Call for Proposals
Society for Cinema and Media Studies (SCMS)
March 25-29, 2015 in Montreal, Canada
Call for Proposals
The Society for Contemporary Literature, a group dedicated to the study of literature of the last 25 years, invites 300-word abstracts for a proposed panel at the God & the American Writer Symposium of the American Literature Assoc. We encourage scholars to think broadly about the environment and its relationship to the divine in contemporary literature. Recent writing occupies various points on a spectrum of approaches to that relationship—examples include the acceptance of the degradation of the environment as a sign of the Second Coming in the apocalyptic tenor of popular "rapture fiction," the opposition of evangelical preaching to sociobiology and science in E.O.
Call for proposals for edited anthology
Convention and Contravention: Vexing Gender in Nineteenth-Century American Women's Writing
Editor: Mary Ellen Iatropoulos
CFP Deadline: 9/12/14
Concussions, Commotions, and Other Aesthetic Disorders
Annual Graduate Conference of the Department of English at the University of Chicago, November 20-21, 2014
Keynote Speaker: Claudia Rankine, Henry G. Lee Professor of English, Pomona College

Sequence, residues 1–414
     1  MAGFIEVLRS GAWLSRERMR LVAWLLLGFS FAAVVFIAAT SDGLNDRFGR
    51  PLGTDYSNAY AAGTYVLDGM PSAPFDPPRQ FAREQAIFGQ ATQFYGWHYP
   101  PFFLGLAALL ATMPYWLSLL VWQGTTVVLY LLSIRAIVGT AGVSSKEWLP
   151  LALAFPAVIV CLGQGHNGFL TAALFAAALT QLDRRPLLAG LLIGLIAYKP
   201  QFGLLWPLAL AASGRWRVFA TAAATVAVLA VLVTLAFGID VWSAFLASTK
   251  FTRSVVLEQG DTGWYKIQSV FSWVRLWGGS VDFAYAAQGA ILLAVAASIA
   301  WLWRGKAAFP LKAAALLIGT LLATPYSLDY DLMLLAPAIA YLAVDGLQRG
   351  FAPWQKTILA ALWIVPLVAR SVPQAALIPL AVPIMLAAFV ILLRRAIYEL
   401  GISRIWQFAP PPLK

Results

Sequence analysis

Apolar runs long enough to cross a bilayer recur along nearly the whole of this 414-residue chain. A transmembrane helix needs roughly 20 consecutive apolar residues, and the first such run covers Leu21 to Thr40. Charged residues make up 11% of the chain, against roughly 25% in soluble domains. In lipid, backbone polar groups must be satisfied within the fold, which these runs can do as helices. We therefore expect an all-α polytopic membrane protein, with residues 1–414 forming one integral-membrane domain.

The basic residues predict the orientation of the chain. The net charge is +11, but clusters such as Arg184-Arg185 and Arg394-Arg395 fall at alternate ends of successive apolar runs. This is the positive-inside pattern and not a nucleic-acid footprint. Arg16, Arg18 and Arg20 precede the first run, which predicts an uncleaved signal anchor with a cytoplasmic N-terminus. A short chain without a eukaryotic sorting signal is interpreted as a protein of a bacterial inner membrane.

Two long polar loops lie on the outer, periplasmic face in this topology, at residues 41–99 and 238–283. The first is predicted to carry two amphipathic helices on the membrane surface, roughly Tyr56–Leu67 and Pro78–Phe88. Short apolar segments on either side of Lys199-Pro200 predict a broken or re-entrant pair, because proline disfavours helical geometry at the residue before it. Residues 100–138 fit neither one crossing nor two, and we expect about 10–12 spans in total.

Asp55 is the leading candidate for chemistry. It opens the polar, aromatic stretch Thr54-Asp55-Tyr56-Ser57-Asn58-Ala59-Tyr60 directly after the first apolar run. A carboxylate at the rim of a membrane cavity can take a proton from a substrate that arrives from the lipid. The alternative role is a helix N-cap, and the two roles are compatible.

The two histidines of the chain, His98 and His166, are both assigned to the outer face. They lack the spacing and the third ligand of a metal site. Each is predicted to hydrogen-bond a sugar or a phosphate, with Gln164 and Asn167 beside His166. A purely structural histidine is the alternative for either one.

With a public discussion conducted by Lauren Berlant, George M. Pullman Distinguished Service Professor of English, University of Chicago
Proposal submission deadline: July 25th, 2014
Recent publications, such as Amy Villarejo's _Ethereal Queer: Television, Historicity, Desire_ (Duke, 2014) and Jason Mittell's _Complex Television: The Poetics of Contemporary Television Storytelling_ (MediaCommons Press, 2012-13), among others, herald a paradigm shift in television theory and historiography, one that deepens and expands the current critical language of TV studies. This panel seeks to pursue this shift in critical and theoretical approaches to television studies, inviting papers that situate television in broader questions of narrativity, historicity, critical theory, and continental philosophy.
the quint's twenty fourth issue is issuing a call for theoretically informed and historically grounded submissions of scholarly interest—as well as creative writing, original art, interviews, and reviews of books, music, and films. The deadline for this call is 15th August 2014—but please note that we accept manu/digi-scripts at any time.
All contributions accompanied by a short biography will be forwarded to a member of the editorial board. Manuscripts must not be previously published or submitted for publication elsewhere while being reviewed by the quint's editors or outside readers.
Call for Papers
ICONOGPRAHY AND ARCHETYPES IN WESTERN FILM AND TELEVISION
Eds. Sue Matheson and Andrew Patrick Nelson
We are currently soliciting abstracts of 100 words for essays to be included the first book to examine the richness and complexity of the film and television Western through its iconography and archetypes, foregrounding the significant contributions made to our understanding of America's narratives of land, nation and cultural identity by the recurrent symbols and artifacts of Hollywood's wild west.